Often men and women are prescribed behaviors and various attributes that have more in common with Plato than with God. (Bob Edwards has written on this) In the Greek world men were perceived as rational beings, strong and powerful and able to dominate others while women were perceived as emotional and irrational, weak and passive. God is inviting both men and women out of this social construction of human beings to be able to be fully who he has created and gifted them to be. That does not mean men and women are the same… it does mean that differences do not mean that women are not capable or competent to serve as leaders and pastors and decision makers.
Around the world women are exploited, trafficked and domineered due to a faulty world view within which women are subordinated to men. I believe that Christ came to liberate both men and women from this injustice and enslavement to a Patriarchal idolatry that reduces the humanity of both men and women. It is not hatred toward men to want them to grow out of the ways of the world and into the way of Jesus. When patriarchy is confronted it may not always feel pleasant. But it is necessary and may even be the most loving thing a woman can do.
The goal of our lives as Christians is to love God and one another–walking in the ways of Jesus. At times we will need to challenge one another toward the high call of Christ Jesus. Feminists and egalitarians do not hate men, they hope to see them be fully who they are in Christ–not as the world defines them.
4. Do Christian Feminists and Egalitarians favor abortion?
I need to speak carefully here, so please do not misunderstand me. I would have to say that most Christians do not favor abortion nor do all Christian feminists and egalitarians. Here I will grant that some perhaps do. I do not hold that abortion is a godly choice for believers. I also know of many others who feel the same as I. Having said that, there are areas of agreement that we can find. When some feminists say abortion should be a woman’s right because women have a right to control over their body, there is something in this that I can support. While I do not and will not support the abortion of a child, a woman does need to have autonomy over her own body. Consider rape, rape is an imposition through force into the space of a woman’s body. In some sense, her body is considered the property of the one taking it or exploiting her body. All around the world, women’s bodies are exploited, taken, owned and used. This often results in pregnancy and the birth of children into abject poverty and even into sex slavery.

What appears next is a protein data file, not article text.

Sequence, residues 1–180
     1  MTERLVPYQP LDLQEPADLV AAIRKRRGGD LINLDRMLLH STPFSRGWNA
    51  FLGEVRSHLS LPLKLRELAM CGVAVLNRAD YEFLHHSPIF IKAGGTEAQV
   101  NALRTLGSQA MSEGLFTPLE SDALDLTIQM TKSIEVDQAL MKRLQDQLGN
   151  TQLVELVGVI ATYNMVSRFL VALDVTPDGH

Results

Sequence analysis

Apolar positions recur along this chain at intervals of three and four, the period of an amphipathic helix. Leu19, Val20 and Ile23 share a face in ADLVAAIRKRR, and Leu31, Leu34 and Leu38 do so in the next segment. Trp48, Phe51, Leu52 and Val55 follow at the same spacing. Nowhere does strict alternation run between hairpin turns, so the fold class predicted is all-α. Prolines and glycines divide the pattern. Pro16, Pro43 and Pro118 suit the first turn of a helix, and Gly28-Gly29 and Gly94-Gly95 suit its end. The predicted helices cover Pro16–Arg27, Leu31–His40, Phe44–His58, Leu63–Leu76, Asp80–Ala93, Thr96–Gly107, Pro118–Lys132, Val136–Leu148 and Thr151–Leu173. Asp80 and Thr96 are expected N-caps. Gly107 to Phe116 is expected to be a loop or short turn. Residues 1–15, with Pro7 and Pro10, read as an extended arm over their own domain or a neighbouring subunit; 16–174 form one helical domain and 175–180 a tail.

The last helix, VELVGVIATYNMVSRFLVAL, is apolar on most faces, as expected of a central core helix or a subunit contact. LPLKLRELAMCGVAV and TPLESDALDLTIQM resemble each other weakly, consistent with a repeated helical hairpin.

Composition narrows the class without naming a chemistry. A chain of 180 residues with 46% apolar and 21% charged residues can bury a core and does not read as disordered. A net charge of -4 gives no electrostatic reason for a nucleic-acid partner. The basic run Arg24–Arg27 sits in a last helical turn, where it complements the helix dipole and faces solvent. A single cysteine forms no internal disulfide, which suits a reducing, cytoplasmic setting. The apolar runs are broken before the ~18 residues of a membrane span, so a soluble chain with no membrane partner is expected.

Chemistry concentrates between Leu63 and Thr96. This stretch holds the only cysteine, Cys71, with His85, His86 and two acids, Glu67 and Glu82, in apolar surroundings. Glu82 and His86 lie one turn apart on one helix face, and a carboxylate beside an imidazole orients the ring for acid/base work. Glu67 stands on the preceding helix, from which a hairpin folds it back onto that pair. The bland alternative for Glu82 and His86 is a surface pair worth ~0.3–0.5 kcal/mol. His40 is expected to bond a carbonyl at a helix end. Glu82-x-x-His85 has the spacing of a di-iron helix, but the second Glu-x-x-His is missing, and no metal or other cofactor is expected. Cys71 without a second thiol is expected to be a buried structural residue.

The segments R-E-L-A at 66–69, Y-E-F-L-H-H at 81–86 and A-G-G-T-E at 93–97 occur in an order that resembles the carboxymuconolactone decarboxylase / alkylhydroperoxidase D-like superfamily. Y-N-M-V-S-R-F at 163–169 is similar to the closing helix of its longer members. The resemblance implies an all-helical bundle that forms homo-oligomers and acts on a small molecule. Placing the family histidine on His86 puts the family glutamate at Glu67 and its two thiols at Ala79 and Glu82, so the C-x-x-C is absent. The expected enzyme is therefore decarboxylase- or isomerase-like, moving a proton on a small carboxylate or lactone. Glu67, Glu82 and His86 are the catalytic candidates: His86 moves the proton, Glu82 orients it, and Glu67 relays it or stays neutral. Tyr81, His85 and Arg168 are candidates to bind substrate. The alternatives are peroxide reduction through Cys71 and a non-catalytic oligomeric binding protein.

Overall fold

There is a patriarchal enslavement behind the whole idea of who has rights to a woman’s body. In the Greek/Roman world of the first century, a woman’s body was considered the property of her husband. And if she was pregnant, he had the right to determine if the child should be kept in the family or put out to be exposed. (most children either died or were picked up to become slaves) Her body and the child within was the property of the husband. Often early Christians would take the exposed babies and raise them as their own children. Christians give value to the lives of children, women and men fully.
In healthy relationships, couples agree about when intimacy takes place. Taking or exploitation is not a part of the relationship nor is being owned as if one were property. Each person is seen as fully human and able to give consent to sexual intimacy. Again, the relationship is mutual… mutual giving… mutual loving. Out of that mutuality come children and a new family. The couple then together shares the responsibility for raising those children in the way of Jesus becoming mature human beings able to fully be who they are in Christ.
One does not need to favor abortion to be a feminist or an egalitarian. But one does need to recognize the sanctity of a woman’s body and her autonomy to choose when to give that body and when not give it in sexual intimacy. Consent, mutual respect and mutual love are aspects of a healthy relationship between husbands and wives.
In conclusion, I believe that as a Christian Egalitarian, that God seeks men and women who would be strong and bold and courageous in Christ, willing to move from the deceptions of Patriarchal idolatry into the mind of Christ and the reality that we are one in Him. God has gifted men and women and we are called to work together so that the Kingdom of God might be more and more realized in this day and time. Everywhere in the gospels we see Jesus defying the norms of the day to lift and empower women so that they might fully serve God as the image bearers they were intended to be.
Faith Totushek has served two churches as a solo pastor in Minnesota and Connecticut. She Currently pastors WayFinders Home church and serves as Director of Worship at St Francis United Methodist Church in St Francis, Minnesota. Faith graduated seminary in 2007 with an MDIV in New Testament and Pastoral Ministry.